I am a clinician, not a researcher, but I work in a university teaching hospital affiliated with a research institute and so I have participated in clinical studies. When focused on one’s own research study, it is easy for a researcher to become attached to trends that one believes are emerging from one’s research. I have done enough research to realize how dangerous this is. I have learned that one must be faithful to the scientific method that has fostered the real breakthroughs.

The scientific method is systematic and allows for the modification of the hypothesis. Learning the scientific method is one of the first lessons in science class in elementary school. I remember having to devise experiments in Grade 3, not for a science fair project or research but to demonstrate that I understood the scientific method. That same lesson was repeated at the beginning of many grade school science classes for years to come. The scientific method is fundamental but, like all fundamentals, it is more easily expressed than understood. Ms. Payne’s excellent article reported some news from medical science and reminded us of how difficult it is to learn the scientific method.

(Note: The excellent graphic depicting the Scientific Method included here comes from the Science Buddies Website. Science Buddies is an award-winning, not-for-profit organization dedicated to building scientific literacy.)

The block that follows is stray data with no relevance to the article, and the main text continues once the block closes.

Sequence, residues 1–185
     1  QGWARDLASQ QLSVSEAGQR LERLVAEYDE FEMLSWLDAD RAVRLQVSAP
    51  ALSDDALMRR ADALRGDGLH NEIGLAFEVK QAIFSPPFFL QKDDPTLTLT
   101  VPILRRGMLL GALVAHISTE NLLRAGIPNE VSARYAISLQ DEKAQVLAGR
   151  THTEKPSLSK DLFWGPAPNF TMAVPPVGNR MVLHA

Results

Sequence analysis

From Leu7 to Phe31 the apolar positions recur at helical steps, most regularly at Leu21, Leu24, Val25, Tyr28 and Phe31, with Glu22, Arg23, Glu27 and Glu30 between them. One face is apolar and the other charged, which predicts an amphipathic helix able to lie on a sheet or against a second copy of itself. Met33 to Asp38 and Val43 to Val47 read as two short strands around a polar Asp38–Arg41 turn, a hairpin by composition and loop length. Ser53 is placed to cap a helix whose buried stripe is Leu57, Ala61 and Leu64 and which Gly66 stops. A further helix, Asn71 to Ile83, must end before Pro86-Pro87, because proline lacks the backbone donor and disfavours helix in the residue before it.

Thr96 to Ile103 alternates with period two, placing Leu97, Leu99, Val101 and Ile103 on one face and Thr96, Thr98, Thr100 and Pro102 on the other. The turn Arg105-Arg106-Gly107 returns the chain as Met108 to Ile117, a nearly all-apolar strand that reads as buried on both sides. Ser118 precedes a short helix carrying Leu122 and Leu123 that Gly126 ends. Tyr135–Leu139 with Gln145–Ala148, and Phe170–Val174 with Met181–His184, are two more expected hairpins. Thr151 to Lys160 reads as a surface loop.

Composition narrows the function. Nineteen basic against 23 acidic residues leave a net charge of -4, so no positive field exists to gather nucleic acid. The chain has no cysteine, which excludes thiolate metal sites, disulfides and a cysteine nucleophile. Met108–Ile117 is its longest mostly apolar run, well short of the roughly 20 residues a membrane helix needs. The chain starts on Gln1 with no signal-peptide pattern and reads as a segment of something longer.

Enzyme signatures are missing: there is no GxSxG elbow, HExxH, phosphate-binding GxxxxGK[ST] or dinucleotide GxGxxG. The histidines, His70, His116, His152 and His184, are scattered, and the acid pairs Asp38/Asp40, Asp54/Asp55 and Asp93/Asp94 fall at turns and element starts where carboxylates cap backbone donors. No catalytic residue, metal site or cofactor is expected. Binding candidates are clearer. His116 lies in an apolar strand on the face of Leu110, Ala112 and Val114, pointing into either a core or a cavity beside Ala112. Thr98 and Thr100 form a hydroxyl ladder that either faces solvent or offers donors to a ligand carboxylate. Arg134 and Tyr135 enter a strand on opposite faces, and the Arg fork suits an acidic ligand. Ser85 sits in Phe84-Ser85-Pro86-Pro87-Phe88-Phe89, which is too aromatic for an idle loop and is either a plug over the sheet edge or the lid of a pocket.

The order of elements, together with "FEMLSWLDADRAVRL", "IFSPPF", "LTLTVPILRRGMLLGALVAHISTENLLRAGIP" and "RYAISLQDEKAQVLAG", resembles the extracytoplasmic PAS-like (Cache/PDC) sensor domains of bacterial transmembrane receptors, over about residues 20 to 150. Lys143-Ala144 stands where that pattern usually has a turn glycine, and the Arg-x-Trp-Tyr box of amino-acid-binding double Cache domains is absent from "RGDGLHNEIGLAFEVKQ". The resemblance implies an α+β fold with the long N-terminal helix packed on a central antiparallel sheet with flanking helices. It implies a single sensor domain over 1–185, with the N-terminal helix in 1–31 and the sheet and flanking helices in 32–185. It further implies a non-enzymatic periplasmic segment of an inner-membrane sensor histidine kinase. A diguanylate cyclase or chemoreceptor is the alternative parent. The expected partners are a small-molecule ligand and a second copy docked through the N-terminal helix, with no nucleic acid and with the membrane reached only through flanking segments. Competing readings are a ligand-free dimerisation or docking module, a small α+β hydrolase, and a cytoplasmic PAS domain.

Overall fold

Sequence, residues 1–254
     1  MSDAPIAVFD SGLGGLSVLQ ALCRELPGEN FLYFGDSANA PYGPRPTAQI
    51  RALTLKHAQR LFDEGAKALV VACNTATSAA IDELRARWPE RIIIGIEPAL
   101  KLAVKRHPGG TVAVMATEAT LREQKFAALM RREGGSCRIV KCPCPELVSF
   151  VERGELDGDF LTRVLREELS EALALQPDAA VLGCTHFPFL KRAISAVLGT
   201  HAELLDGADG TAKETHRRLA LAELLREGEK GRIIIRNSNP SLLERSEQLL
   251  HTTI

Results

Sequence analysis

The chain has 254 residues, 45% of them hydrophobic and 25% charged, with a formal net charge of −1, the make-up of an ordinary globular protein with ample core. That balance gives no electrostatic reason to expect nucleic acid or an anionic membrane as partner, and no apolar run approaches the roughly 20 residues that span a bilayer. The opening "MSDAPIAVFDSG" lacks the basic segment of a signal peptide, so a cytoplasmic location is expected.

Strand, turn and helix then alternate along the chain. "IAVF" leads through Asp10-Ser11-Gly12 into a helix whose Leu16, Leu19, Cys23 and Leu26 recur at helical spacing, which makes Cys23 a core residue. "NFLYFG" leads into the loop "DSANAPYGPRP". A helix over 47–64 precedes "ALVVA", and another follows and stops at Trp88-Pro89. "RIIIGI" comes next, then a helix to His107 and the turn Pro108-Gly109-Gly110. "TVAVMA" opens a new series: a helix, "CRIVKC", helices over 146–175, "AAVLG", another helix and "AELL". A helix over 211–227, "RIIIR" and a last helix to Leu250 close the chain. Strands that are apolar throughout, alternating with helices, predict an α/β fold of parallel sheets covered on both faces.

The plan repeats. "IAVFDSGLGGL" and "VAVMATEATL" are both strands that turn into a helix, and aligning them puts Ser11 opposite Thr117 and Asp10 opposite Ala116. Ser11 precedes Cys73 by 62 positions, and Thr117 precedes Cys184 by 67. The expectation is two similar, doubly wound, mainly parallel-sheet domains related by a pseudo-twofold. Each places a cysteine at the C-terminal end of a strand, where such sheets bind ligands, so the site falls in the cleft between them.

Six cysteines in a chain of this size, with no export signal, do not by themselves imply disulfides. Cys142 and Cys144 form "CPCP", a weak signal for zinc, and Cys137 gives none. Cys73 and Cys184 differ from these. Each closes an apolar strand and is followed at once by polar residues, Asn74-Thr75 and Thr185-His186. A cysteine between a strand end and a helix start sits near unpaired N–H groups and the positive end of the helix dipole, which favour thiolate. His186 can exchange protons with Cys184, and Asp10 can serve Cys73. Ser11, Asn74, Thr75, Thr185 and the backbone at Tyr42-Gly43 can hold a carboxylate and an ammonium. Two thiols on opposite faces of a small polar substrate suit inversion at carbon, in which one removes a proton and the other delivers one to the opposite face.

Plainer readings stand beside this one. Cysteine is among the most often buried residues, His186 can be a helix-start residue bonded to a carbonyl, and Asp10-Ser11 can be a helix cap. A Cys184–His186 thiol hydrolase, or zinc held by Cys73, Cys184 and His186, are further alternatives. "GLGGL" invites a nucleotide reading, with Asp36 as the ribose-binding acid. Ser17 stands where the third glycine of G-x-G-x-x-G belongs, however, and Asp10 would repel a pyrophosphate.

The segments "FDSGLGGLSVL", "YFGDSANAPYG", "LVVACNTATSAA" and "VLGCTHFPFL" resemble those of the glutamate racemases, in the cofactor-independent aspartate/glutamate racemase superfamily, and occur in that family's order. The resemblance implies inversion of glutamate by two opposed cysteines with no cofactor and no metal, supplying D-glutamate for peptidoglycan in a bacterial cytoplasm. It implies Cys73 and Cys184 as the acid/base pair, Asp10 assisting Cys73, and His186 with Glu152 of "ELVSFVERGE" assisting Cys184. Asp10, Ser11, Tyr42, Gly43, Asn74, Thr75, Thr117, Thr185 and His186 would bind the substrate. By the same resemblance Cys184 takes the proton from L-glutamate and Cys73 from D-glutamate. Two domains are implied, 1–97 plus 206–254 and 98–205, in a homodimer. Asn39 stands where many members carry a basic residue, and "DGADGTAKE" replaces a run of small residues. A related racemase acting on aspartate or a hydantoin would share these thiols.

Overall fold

My Expertise in Bad News

Most writers love to have a piece that people read over and over and, in general, I am the same way. Having said this, my second most popular blog, which is published on The Scientific Parent website, has been reposted and read more often that I ever wanted or would like.

The particular blog is a piece that I wrote for The Scientific Parent at the time of the Lafayette Theatre shooting in July 2015. Almost a year has past and this post has been republished and read so often that it is becoming disconcerting. To me, it emphasizes how often the news is so terrible that we have to worry about its impact on children. We also have to wonder how much to tell children and how much we should try to protect them from seeing or hearing.

I will let you read the piece and use what is useful to you within it, but I want to reflect on some of the times in just this past year when you might have been able to use this little guide on talking to children about terrible events.

Here’s a short list off the top of my head, in no particular order of some of the issues that distressed the youth in my practice, before today’s shootings in Orlando:

  1. Mass Shootings: There are an average of 1 per day in the United States, all of them get coverage and so young people can always find one where the circumstances relate to their situation.